Guilt in the Christian Jesus Christ (Heb 10:1–4; 9–12). The whole world is guilty before God for abandoning him and his ways (Rom 3:9). In Jesus Christ, God took upon himself the sins of the world and died on the cross to pay our debt (Rom 6:23). Those who repent and accept the sacrifice of Jesus Christ for their sins, will be redeemed by God and thus not guilty before him. They will be granted eternal life which will take effect when Jesus comes the second time (1 Thess 4:13–18). In contrast to surrounding nations which addressed their guilt with human sacrifice, the Israeli authors of the Bible called that an abomination (1 Kings 11:7, Jer 32:35). The Bible agrees with pagan cultures that guilt creates a cost that someone must pay (Heb 9:22). (This assumption was expressed in the previous section, "Defences": "Guilty people punish themselves if they have no opportunity to compensate the transgression that caused them to feel guilty. It was found that self-punishment did not occur if people had an opportunity to compensate the victim of their transgression.") But unlike pagan deities who demanded it be paid by humans, God, according to the Bible, loved us enough to pay it Himself, as a good father would, while calling us His "children" and calling Himself our "father" (Mat 5:45).

See also


  1. ^ "Guilt". Encyclopedia of Psychology. 2nd ed. Ed. Bonnie R. Strickland. Gale Group, Inc., 2001. 2006. 31 December 2007
  2. ^ Leslie J. Shapiro, LICSW. "Pathological guilt: A persistent yet overlooked treatment factor in obsessive-compulsive disorder —". Retrieved 27 November 2012. 
  3. ^ Sigmund Freud, On Metapsychology (PFL 11) pp. 390–1
  4. ^ Catherine Belsey, Shakespeare in Theory and Practice (2008) p. 25
  5. ^ Alice Miller, The Drama of Being a Child (1995) pp. 99–100
  6. ^ Parrott, pp. 158–9
  7. ^ Buber, M. (May 1957). "Guilt and guilt feelings". Psychiatry 20 (2): 114–29.  
  8. ^ Otto Fenichel, The Psychoanalytic Theory of Neurosis (London 1946) pp. 409–10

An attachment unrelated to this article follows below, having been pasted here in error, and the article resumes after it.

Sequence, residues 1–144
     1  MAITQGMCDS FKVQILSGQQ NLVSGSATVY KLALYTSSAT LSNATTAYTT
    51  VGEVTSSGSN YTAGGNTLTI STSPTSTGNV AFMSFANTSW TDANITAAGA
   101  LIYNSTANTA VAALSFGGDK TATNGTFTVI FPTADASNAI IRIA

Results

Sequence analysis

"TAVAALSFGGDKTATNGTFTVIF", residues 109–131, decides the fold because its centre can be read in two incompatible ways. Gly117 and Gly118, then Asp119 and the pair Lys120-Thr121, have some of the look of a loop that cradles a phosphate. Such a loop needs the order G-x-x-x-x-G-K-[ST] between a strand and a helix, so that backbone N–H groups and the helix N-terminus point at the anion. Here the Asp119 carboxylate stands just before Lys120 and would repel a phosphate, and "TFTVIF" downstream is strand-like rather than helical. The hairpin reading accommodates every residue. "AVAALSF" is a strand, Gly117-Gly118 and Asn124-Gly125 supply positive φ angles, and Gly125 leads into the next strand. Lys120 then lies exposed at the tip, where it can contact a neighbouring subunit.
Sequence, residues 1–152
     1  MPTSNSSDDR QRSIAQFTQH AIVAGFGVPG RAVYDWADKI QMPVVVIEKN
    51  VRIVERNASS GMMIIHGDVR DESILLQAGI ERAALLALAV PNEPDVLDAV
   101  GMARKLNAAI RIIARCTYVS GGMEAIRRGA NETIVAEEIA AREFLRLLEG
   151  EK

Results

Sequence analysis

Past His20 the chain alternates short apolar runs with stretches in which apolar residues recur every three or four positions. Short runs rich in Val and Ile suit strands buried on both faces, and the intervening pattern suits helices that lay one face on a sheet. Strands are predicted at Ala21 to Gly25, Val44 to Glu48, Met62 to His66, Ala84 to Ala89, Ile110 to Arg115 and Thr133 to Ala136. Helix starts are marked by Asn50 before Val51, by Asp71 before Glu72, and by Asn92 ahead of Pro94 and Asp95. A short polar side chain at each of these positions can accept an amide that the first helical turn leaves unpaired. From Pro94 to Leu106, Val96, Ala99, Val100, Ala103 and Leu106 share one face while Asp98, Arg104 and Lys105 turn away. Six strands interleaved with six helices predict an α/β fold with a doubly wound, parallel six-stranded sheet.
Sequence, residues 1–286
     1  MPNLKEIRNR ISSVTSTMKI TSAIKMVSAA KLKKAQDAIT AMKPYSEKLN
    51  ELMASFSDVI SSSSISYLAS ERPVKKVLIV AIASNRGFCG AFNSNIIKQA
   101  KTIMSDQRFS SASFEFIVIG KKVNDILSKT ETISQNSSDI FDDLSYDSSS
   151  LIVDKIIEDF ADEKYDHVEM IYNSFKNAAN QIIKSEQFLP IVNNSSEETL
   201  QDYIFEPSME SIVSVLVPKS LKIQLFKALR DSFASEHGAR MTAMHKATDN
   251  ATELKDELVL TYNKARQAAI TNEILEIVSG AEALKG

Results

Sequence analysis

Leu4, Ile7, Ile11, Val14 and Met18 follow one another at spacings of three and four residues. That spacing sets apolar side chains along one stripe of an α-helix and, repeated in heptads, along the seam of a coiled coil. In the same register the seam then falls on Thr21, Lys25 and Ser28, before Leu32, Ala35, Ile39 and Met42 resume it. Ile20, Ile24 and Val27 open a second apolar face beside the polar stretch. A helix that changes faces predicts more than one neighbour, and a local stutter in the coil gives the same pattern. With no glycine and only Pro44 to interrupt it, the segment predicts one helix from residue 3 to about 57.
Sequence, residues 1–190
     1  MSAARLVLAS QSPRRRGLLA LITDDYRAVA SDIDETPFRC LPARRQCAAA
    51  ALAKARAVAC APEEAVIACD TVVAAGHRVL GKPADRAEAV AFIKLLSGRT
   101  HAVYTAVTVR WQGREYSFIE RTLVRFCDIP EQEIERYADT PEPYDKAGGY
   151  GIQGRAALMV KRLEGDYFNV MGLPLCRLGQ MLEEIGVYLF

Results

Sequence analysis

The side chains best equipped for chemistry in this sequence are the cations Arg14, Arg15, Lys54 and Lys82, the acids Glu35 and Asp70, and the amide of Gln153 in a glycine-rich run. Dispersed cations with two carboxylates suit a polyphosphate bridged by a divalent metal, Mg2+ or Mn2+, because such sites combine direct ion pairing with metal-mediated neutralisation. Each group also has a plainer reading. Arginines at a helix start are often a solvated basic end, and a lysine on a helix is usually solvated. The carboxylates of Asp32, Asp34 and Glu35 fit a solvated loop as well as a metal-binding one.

9. ^ Otto Fenichel The Psychoanalytic Theory of Neurosis (1946) p. 496
  10. ^ Sigmund Freud, On Metapsychology (PFL 11)p. 393
  11. ^ Eric Berne, A Layman's Guide to Psychiatry and Psychoanalysis (Penguin 1976) p. 191
  12. ^ The Pursuit of Health, June Bingham & Norman Tamarkin, M.D., Walker Press
  13. ^ Otto Fenichel, The Psychoanalytic Theory of Neurosis (1946) p. 165 and p. 293
  14. ^ Otto Fenichel, The Psychoanalytic Theory of Neurosis (1946) p. 165-6 and p. 496
  15. ^ Nelissen, R. M. A., & Zeelenberg, M. (2009). "When guilt evokes self-punishment: Evidence for the existence of a dobby effect". Emotion 9 (1): 118–122. doi:10.1037/a0014540
  16. ^ Birket-Smith, Morten; Millon, Theodore; Simonsen, Erik; Davis, Roger E. (2002). "11. Psychopathy and the Five-Factor Model of Personality, Widiger and Lynam". Psychopathy: Antisocial, Criminal, and Violent Behavior. New York: The Guilford Press. pp. 173–7.  
  17. ^ Kosson, D. S.; C. S., Forth, A. E., Salekin, R. T., Hare, R. D., Krischer, M. K., & Sevecke, K. (2013). "Factor structure of the Hare Psychopathy Checklist: Youth Version (PCL:YV) in adolescent females". Psychological Assessment.  
  18. ^ Pallanti, S., Quercioli, L. (August 2000). "Shame and psychopathology". CNS Spectr 5 (8): 28–43.  
  19. ^ a b Branscombe, Nyla, R.; Bertjan Doosje (2004). Collective Guilt: International Perspectives. Cambridge University Press.  
  20. ^ Bill Brugger, China, Liberation and Transformation (1981) pp. 18–19
  21. ^ Quoted in M. I. Finley, The World of Odysseus (1967) p. 136
  22. ^ Robert Fagles trans., The Oresteia (Penguin 1981) p. 92
  23. ^ Owen, J. (1850). "Chapter 8". The Doctrine of Justification by Faith. London: Johnstone and Hunter. p. 197. 

Further reading

  • Adam Phillips, 'Guilt', in On Flirtation (1994) pp. 138–147
  • Nina Coltart, 'Sin and the Super-ego', in Slouching Towards Bethlehem (1992)

External links

  • Tangney, J. P., Miller, R. S., Flicker, L., Barlow, D. H. (June 1996). "Are shame, guilt, and embarrassment distinct emotions?". J Pers Soc Psychol 70 (6): 1256–69.  
  • Guilt, unconscious sense of
  • Michael Eigen, 'Guilt in an Age of Psychopathy'